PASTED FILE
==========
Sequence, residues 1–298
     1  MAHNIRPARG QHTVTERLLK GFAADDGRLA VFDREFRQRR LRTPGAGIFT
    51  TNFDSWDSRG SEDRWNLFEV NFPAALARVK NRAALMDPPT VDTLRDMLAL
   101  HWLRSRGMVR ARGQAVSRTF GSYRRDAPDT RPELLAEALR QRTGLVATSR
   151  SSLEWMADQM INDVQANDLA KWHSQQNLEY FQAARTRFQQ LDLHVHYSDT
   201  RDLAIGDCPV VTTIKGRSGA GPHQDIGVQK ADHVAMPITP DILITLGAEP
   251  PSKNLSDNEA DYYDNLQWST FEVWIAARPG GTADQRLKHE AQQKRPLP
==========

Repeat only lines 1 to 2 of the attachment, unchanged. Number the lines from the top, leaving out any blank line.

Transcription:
Sequence, residues 1–298
     1  MAHNIRPARG QHTVTERLLK GFAADDGRLA VFDREFRQRR LRTPGAGIFT